Blocks & Lots

Everything you need to know about closing costs in NYC

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Congratulations! You’ve found your ideal condo in NYC and have saved enough for the downpayment. In many other cities, you would have one step inside the front door. However, in the Big Apple you’ve still got a long way to go because if you haven’t accounted for your closing costs, you might want to renew your rental lease. As a rule of thumb, it’s good to budget 2 to 3 percent of the purchase price or 3 to 4 percent if the apartment is over $1 million for closing costs.

Why are New York City closing costs so expensive?

One word — taxes. Between the mortgage recording tax, mansion tax (for buildings over $1 million) and New York City and State transfer taxes you will have to dig deep into your pockets and perhaps your parents’ pocket or kids’ college fund too before you can even think about asking a bank to lend you money for a mortgage.

What are all the closing costs in NYC?

Attorney Fees 

Unlike litigation or other legal matters, real estate closing attorneys generally don’t charge by the hour, so you can budget in an attorney’s fee as part of your closing costs without fear that it will go up too much. Budget anywhere from $1500 to $4000 based on the size and complexity of the transaction. In cases when a buyer is purchasing a new condo from the sponsor they may also be asked to pay for the bank’s attorney’s fee ($1000-$2000). Sometimes this can be negotiated away depending on how eager the sponsor is to do the deal.

Mansion Tax 

The term mansion tax is something of an oxymoron in NYC. It is applied to properties with a purchase price over $1 million but in New York City, there’ll be nothing mansion like about the property you’ll buy for $1 million. It’s a progressive tax and increases the higher the purchase price is. It starts at 1 percent of the purchase price and increases to a maximum of 3.9 percent for properties of $25,000,000 or greater. The new rate schedule was included as part of the 2020 budget passed by the New York State Senate and Assembly. 

Title Insurance (condos not co-ops)

If you are purchasing a condo and getting a mortgage you will be required to get title insurance. Different providers will have different rates but expect to pay about 0.45 percent of the purchase price. It’s vitally important as it protects buyers and lenders against claims and liens on the title of your property such as unpaid property taxes prior to your ownership. 

Mortgage Recording Tax (condos not co-ops)

This is a biggie! The mortgage recording tax in NYC is 1.8 percent on mortgage amounts (loan amounts) under $500,000 and 1.925 percent on amounts over $500,000. So, for a condo priced at $2 million (an average price in Manhattan), after a downpayment of $400,000 (20 percent), the mortgage recording tax at 1.925 percent would be $30,800. Ouch!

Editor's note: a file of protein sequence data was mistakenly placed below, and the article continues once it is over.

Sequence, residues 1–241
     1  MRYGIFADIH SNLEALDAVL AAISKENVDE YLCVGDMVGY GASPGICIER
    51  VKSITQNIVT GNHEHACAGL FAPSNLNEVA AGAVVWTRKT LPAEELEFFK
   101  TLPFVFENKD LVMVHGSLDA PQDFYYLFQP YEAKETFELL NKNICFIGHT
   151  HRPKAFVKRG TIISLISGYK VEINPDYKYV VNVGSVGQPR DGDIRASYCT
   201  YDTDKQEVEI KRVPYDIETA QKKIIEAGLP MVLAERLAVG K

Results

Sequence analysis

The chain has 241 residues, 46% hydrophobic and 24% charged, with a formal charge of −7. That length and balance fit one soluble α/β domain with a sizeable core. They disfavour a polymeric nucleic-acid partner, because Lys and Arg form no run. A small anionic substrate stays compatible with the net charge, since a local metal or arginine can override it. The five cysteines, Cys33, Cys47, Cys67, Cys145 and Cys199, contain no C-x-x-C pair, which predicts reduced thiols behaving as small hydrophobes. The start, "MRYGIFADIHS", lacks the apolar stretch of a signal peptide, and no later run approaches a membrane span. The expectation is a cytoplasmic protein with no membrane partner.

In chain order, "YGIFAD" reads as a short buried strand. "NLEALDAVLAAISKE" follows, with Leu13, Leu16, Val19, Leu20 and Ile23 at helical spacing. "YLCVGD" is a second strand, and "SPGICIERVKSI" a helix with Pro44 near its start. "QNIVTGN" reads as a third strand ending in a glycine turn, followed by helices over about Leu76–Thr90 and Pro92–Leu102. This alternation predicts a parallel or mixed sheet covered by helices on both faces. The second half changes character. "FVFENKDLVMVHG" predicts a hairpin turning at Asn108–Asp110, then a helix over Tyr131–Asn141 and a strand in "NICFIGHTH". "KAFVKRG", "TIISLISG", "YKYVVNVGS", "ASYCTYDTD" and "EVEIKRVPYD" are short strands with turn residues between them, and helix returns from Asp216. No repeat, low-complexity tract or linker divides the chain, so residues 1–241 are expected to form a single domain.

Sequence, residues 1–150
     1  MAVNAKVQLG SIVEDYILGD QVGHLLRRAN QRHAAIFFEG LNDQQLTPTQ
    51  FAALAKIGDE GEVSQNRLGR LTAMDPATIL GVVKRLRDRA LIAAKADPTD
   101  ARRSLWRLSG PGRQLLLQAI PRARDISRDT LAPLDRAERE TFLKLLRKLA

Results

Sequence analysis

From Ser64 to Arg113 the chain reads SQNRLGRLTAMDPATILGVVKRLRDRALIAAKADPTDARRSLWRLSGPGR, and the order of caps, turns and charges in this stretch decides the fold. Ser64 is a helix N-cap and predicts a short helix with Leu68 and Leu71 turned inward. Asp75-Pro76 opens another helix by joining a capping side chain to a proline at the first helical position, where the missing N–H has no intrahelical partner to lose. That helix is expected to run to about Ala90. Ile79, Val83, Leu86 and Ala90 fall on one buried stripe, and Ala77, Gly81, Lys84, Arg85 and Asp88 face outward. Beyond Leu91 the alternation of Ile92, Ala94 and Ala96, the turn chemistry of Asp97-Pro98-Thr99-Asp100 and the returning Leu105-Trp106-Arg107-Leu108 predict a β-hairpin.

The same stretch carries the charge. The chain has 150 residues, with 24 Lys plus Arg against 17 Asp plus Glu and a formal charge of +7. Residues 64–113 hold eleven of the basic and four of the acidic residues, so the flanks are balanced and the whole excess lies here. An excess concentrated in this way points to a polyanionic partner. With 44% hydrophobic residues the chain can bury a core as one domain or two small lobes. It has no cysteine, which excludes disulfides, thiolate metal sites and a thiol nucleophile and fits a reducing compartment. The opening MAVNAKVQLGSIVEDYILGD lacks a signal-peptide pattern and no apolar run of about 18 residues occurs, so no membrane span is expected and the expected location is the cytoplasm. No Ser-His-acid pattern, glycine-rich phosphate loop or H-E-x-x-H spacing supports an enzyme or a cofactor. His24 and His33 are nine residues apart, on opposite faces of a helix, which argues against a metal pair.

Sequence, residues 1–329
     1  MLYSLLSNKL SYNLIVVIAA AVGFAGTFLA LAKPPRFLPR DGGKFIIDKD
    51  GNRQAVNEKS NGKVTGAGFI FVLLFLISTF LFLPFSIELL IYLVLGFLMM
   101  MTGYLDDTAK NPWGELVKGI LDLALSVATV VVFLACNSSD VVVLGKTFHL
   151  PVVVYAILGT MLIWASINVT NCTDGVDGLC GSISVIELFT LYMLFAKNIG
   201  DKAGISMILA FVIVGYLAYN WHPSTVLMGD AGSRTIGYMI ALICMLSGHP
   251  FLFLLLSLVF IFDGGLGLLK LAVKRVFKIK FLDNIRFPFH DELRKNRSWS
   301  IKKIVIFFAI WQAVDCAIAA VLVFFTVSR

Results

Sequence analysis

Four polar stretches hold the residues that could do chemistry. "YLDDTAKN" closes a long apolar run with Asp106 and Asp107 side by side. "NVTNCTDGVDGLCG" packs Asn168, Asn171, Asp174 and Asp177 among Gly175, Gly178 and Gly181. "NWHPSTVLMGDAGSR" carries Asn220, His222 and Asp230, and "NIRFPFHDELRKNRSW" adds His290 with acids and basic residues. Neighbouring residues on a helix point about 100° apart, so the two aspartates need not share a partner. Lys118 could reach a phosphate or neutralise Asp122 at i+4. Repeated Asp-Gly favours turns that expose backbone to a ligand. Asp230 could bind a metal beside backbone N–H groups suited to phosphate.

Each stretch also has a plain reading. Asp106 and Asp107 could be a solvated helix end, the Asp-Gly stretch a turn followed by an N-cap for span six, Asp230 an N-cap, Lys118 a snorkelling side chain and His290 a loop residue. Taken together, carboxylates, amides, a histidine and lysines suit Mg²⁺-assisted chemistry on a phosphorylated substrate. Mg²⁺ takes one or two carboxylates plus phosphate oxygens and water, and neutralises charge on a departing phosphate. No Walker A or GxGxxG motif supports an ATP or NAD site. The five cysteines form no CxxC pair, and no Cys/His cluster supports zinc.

New York State & NYC Transfer Taxes (new development condos only)

The New York City Real Property Transfer Tax is 1 percent of the price of the property if the value is $500,000 or less or $1.425 percent if it is greater. That’s not all you have to pay in New York, however. The New York State transfer tax is an additional 0.40 percent on the purchase price. This state tax increases to 0.65 percent for residential transactions greater than $3,000,000.

Other closing fees

Bank Loan Origination Fee

An origination fee can be as much as $5000 for a million-dollar loan going through a mortgage broker but it is unlikely a bank will charge this much. It’s customary to see an origination fee of around $1000. This is sometimes referred to as a junk fee. It’s just a fee that the bank adds on because they have agreed to give you a loan. Often this can be negotiated away. Some banks even make it a point of claiming they will not charge an origination fee. Beware, though because other fees could crop up in its place elsewhere.

Origination points

Origination points are fees paid for the evaluation, processing, and approval of mortgage loans. One point is typically equal to 1 percent of the mortgage amount and the more discount points paid, the lower the interest rate on the mortgage. The cost of the points is tax-deductible if it is used for the mortgage and not for closing costs. According to the IRS, if the fee is for items that appear on a settlement statement, such as inspection or notary fees, the cost is not tax-deductible.

Property Appraisal Fee

Expect to pay $500 to $1000 (depending on the size and type of the property) for an appraisal. 

Title Search and Recording Fees

This costs around $1000 and is well worth the investment to make sure your new home has a clean title.

Mortgage Underwriting Fee

Expect to pay $400 to $900 depending on the lender and loan type. If you are also paying any kind of origination fee there should be room to negotiate this fee down.

Credit Check

The standard amount for this service is $20-$30

Wire Transfer

When your bank wire’s over money to an escrow account they will charge you around $100 for the service.

Flood Certification

Pay around $10 to certify that you do not live in a flood zone.



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